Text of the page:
The None in Three team in the UK were pleased to welcome Alicia and Rob from Doncaster Family Services Team on Wednesday 11th September.
Alicia Lee, Team Manager of the Domestic Abuse Navigator Service, and Rob Keane, Perpetrator Engagement Worker, work closely together to deliver a range of interventions for the whole family where domestic abuse is present. The Navigator Service is one of the first of its kind in the country offering a holistic approach to domestic abuse. Interventions for the victim (survivor), the children, the perpetrator and the family as a whole (if risk levels allow) are available. Current formal evaluations are positive and the service offers potential for certain families to stay together. The Caring Dads programme run by Rob and a colleague is one of those interventions that we were eager to hear and learn more about on their recent visit.
Caring Dads is a group intervention programme for men who have perpetrated violence and/or abuse to their partner, leaving children witnessing or experiencing domestic abuse. The programme aims to challenge and support men to change their behaviour, understand the potential trauma they could cause to their children and partner and use different strategies. Understanding the developmental needs of children to encourage fathers to be better role models for their children is a key aim.
In Doncaster, the programme is being used to support fathers who wish to maintain positive relationships with their children. In some cases, it forms part of the package of intensive support that allows families to remain together.
While here, Alicia and Rob met with our research team and spoke with them about the shared challenges we face in working directly with both survivors and perpetrators of domestic violence. This included a discussion on the importance of overcoming harmful ideas about male entitlement, particularly around the role that power and control plays in men’s aggressive and violent behaviours.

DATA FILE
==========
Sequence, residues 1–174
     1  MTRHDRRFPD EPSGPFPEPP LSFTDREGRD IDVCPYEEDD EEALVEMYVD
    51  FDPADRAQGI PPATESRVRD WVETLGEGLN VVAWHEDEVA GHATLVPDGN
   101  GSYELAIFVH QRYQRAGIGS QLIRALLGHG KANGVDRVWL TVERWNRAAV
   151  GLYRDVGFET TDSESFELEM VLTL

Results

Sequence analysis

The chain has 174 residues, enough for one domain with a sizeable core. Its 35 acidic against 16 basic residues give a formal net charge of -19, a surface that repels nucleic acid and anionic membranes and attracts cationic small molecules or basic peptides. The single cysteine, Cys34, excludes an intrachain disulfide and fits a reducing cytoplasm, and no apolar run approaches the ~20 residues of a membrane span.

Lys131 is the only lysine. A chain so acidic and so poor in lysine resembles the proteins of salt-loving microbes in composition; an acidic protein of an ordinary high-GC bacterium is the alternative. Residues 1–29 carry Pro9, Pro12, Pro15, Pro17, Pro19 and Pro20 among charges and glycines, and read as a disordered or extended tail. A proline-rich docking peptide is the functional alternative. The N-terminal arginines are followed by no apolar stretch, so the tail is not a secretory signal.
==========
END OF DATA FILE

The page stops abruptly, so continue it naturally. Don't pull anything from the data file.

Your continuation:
We also talked about the effects of the language we use as researchers and social care professionals who work directly with both survivors and perpetrators of domestic violence. Specifically, how the words ‘survivor’ and ‘perpetrator’ can be perceived as labels, which can create barriers that prevent us from opening a dialogue that is more inclusive and perhaps less defining.
We were delighted to let Alicia and Rob gets ‘hands on’ with the current version of our UK computer game aimed at 14 – 18 year olds. This is developing well and we are able to show how effective a fully interactive and immersive experience can be in helping to deepen the player’s understanding of adolescent dating violence.
Both None in Three and Caring Dads are united in our conviction that intervention is a vital strategy in addressing the issue of gender-based violence. Through our computer games, we seek to engage our audience in a discussion about recognising (and ultimately challenging) unhealthy behaviours within relationships which unfortunately are all too readily normalised.
Alicia and Rob were hugely impressed by the work that we are doing here, and are already keen to come back to spend more time with the team and to see how our UK based educational intervention is progressing.